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The Foreign Policy of Lyndon B. Johnson

The United States and the World, 1963-1969

Jonathan Colman

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A balanced overview of Johnson’s policies across a range of theatres and issues

Lyndon B. Johnson's presidency was characterised by domestic successes and vilified interational policies. He presided over the advancement of civil rights and educational reform while escalating the disastrous war in Vietnam.

Drawing on recently declassified documents and the latest research, this fresh account looks at Vietnam and beyond to Johnson's relations with Europe, NATO and the rest of the world. Colman contends that, although the war in Vietnam could have been prosecuted more effectively, overall Johnson dealt with the world beyond the borders of the United States very capably. In particular, he dealt with successive challenges to the NATO alliance in a skilled and intelligent manner, leaving it politically stronger when he left office in 1969 than it had been in 1963.

Contents

Introduction
1. The Johnson White House and Foreign Policy
2. Vietnam: Going to War, 1963-65
3. Vietnam: Waging War, 1965-69
4. Two Allies: Britain and France
5. NATO Nuclear Sharing and Troop Offset
6. Two Adversaries: The Soviet Union and the People's Republic of China
7. Two Crises in the Middle East: Cyprus, 1964, and the Six-Day War, 1967
8. The Western hemisphere: The Alliance for Progress, Cuba and the Dominican Republic
9. Dollars and Gold: Monetary and Trade Policy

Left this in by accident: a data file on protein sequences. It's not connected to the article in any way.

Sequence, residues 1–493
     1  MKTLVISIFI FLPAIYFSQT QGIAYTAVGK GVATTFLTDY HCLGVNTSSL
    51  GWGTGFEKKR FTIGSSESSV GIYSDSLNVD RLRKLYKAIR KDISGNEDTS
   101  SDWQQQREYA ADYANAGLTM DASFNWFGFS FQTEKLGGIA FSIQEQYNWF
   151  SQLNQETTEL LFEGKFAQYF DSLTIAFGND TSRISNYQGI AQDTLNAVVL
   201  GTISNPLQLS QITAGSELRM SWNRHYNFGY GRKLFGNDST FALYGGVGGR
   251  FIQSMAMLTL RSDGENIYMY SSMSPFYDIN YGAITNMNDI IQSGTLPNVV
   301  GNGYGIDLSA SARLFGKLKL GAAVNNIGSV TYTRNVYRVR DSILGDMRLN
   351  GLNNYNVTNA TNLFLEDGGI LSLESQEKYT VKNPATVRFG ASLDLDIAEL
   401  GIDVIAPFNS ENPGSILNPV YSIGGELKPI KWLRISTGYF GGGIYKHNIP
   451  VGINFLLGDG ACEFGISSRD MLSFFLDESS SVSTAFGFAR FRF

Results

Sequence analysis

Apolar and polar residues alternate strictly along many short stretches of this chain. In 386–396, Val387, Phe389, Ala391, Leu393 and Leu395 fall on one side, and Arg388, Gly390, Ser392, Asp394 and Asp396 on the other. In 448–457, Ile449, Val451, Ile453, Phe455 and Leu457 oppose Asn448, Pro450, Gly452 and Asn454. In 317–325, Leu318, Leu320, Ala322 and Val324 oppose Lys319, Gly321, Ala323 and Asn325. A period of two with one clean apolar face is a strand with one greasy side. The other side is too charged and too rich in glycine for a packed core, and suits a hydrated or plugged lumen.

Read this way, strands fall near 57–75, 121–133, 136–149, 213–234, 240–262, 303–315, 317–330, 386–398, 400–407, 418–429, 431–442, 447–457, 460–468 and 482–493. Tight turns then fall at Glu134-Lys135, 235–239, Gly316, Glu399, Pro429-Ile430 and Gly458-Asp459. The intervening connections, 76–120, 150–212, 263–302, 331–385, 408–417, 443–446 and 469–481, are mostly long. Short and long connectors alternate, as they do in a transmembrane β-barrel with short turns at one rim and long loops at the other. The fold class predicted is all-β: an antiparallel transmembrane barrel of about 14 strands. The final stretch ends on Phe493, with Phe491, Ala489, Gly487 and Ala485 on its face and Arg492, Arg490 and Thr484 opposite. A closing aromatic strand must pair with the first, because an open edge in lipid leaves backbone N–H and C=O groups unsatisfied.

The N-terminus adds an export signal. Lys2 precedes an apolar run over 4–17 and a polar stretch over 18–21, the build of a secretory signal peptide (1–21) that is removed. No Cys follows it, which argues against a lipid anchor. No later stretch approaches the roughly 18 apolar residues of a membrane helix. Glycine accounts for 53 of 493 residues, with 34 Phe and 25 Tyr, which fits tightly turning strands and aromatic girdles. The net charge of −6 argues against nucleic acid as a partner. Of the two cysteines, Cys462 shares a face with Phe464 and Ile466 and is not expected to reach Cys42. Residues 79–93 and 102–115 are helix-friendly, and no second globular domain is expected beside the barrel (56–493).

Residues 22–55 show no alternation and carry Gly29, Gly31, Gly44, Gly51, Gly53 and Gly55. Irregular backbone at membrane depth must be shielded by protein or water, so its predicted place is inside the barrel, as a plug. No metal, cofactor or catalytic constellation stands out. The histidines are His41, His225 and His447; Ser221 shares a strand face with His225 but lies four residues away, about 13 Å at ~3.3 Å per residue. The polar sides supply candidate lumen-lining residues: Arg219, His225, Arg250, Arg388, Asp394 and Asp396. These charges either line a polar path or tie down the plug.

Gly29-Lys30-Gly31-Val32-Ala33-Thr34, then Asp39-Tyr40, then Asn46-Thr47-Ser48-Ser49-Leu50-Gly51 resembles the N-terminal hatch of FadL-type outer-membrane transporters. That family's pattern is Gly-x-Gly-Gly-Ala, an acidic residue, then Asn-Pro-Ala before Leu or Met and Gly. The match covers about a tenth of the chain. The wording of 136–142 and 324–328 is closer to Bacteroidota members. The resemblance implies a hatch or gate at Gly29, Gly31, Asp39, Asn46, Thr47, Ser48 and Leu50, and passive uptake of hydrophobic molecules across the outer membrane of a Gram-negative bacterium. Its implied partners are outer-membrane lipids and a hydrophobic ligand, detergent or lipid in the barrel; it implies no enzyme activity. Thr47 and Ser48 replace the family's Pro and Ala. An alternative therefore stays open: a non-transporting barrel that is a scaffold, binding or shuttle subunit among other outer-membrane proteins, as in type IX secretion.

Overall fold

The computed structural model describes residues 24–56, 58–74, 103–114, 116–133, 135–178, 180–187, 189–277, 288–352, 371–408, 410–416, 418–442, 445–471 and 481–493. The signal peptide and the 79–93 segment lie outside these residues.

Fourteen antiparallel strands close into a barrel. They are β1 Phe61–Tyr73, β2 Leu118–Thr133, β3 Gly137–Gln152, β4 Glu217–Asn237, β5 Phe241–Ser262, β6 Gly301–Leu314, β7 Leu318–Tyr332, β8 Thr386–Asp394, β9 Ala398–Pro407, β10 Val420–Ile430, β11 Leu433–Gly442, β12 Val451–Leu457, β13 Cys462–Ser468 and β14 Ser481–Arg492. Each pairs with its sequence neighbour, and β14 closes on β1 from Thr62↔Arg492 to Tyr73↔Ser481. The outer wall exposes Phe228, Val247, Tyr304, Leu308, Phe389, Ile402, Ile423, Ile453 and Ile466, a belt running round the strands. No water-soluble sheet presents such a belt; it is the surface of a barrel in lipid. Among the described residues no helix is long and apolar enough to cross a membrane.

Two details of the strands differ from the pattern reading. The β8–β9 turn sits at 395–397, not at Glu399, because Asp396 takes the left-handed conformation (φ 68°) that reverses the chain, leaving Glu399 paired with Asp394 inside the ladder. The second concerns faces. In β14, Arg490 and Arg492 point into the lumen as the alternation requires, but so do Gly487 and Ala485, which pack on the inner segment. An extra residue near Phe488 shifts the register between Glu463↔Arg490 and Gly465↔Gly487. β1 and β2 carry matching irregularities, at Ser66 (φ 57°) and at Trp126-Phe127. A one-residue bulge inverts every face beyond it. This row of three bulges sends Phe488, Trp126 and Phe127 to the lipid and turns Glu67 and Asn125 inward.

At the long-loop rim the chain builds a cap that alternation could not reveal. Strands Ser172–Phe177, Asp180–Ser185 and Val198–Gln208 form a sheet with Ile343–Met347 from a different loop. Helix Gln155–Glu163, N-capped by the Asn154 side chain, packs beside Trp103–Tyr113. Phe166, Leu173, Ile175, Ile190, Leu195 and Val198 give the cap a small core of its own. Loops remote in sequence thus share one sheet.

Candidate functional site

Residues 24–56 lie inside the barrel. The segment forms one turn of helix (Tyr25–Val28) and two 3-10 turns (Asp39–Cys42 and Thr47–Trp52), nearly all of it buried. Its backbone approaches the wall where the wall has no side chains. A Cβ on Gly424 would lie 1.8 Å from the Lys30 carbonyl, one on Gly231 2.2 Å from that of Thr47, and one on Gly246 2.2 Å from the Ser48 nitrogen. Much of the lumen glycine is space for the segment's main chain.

Conclusion
Bibliography.

About the Author

Jonathan Colman teaches international and US history at the University of Central Lancashire, Preston, England. He is the author of A ‘Special Relationship’? Harold Wilson, Lyndon B. Johnson and Anglo-American Relations ‘at the Summit’, 1964-68 (2004), and The Foreign Policy of Lyndon B. Johnson: The United States and the World, 1963-69 (2010). He has also published numerous articles in leading peer-reviewed journals.

Reviews

In this finely researched book, Jonathan Colman places himself at the head of Lyndon Johnson revisionism. Without ignoring the mistakes of LBJ's management of the Vietnam War, Colman makes a good case for seeing and judging Johnson's foreign policy in the round. This is an indispensable addition to the literature on President Lyndon Johnson.

- John Dumbrell, Professor of Government, Durham University

A very worthwhile contribution to foreign relations literature. For students of US foreign relations it offers an interesting and broad introduction to the Johnson administration’s attempts to grapple with world issues. For scholars and historians it presents a new perspective on Johnson.

- Ben Offiler, University of Nottingham, 49th Parallel